One of the Minnesota legislature's longest-serving lawmakers has announced he won't be seeking re-election later this year.
District 52 State Senator Jim Metzen (DFL-South St. Paul) will step down later this year having started his political tenure in the House of Representatives in 1974 at the age of 31, before being elected to the Senate in 1986.
Last year he announced he had been receiving treatment for lung cancer at the Mayo Clinic in Rochester and, according to a press release, he was recognized at a special reception in South St. Paul last month with speakers including former Governor Tim Pawlenty and U.S. Senator Amy Klobuchar.
During his time in the Capitol, he was president of the Senate and second-in-line to the governorship, and chair of a series of committees including banking and government operations.
"I have always been pragmatic in my approach at the Legislature. When my term is completed it is my hope that my constituents believe I represented them well and those that came in contact with me at the Capitol believe I was fair," said Sen. Metzen. "No matter if you were a Democrat or Republican, I tried to form friendships and alliances with people."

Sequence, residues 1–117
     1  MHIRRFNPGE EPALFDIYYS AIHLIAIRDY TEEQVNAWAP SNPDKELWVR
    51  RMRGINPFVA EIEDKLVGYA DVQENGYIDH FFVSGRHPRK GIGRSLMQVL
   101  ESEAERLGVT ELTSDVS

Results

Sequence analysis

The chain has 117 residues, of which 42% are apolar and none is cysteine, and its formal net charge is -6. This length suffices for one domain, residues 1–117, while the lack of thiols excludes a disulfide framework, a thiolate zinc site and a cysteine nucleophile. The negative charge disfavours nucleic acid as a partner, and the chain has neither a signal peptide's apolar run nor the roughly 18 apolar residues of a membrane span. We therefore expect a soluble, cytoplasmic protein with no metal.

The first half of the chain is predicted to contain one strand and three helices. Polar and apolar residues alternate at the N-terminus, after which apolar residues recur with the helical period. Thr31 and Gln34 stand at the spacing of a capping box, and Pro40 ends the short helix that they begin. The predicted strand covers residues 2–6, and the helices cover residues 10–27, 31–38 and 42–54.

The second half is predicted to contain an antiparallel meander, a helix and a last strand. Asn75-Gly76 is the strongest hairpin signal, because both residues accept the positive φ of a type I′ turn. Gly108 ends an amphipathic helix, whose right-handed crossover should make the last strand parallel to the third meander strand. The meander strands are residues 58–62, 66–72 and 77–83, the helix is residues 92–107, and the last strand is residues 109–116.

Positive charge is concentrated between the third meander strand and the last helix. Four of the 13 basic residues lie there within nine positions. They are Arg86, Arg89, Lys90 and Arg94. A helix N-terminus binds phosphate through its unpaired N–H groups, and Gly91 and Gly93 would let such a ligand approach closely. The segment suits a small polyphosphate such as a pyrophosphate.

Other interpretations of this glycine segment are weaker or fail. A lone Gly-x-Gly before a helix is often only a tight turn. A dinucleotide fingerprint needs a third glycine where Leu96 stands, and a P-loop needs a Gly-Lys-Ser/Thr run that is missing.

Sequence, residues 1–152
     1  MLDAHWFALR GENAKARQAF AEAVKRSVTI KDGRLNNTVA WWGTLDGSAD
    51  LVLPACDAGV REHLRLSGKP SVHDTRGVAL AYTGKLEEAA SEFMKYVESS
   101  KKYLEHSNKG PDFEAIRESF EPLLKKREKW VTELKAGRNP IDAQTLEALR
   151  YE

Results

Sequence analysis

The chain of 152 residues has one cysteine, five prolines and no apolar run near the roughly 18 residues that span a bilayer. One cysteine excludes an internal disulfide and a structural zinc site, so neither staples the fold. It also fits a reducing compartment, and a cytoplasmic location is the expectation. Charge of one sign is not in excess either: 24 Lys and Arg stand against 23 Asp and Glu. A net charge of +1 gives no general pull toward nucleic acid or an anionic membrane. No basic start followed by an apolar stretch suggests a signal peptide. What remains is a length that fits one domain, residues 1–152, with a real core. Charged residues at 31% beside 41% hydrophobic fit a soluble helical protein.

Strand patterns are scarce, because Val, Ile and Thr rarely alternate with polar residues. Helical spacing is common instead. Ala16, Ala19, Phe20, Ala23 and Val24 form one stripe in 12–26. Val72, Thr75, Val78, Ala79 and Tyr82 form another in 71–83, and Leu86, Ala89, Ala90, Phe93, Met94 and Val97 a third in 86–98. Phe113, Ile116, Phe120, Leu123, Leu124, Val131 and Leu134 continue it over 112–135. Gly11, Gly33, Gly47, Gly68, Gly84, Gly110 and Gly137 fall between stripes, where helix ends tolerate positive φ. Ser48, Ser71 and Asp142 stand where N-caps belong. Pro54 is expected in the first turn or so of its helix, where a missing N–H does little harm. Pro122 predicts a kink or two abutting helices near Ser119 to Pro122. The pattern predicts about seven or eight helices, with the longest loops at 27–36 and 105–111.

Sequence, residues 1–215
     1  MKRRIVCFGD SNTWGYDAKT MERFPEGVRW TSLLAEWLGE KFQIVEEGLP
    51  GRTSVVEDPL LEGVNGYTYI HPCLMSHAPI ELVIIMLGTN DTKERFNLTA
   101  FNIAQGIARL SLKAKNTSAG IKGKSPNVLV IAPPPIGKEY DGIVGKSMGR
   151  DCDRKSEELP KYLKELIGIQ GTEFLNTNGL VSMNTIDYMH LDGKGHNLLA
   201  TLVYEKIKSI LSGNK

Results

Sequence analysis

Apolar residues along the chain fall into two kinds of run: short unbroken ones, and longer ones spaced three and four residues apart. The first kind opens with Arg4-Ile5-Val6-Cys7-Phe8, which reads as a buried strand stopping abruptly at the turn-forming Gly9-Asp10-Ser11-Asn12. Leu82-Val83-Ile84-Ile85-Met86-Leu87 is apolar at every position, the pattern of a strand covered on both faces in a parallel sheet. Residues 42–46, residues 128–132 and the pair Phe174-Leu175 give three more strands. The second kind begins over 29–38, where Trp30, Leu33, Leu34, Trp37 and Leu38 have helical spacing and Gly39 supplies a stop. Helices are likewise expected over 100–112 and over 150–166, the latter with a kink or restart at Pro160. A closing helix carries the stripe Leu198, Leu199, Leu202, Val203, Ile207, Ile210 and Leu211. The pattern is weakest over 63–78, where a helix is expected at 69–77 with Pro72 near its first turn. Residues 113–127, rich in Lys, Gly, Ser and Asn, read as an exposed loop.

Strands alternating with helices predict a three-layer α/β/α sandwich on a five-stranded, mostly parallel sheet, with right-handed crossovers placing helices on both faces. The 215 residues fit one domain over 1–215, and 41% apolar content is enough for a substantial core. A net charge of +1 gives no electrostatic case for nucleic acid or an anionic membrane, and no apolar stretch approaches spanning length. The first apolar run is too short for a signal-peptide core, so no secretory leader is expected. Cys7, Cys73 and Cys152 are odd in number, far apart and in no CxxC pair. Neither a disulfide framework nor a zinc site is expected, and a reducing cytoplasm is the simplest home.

The Pioneer Press described Metzen as having "an easy laugh and a hail-fellow-well-met attitude," as well as an "old school lawmaker with close ties to lobbyists, opponents and business."
The newspaper notes he is the 4th-longest serving senator and 7th-longest serving Minnesota lawmaker ever.
Rep. Rick Hansen (DFL-South St. Paul), paid tribute to his Senate counterpart, saying: "Senator Metzen always delivered for our community. He was a chief architect of the Mighty Ducks grant program, which provides grants to upgrade ice arenas and increase indoor air quality.
"Young hockey players have him to thank for this important program to the state. Senator Metzen was also instrumental in securing funding for the Kaposia Landing in South St. Paul. These are just a couple of his many contributions. I will miss his expertise, leadership, and most importantly, his laughter in the legislature."
Melin is among a growing list of legislators who have recently announced plans to not seek re-election. The Pioneer Press’ Rachel E. Stassen-Berger has kept a running list of politicians who are planning to retire.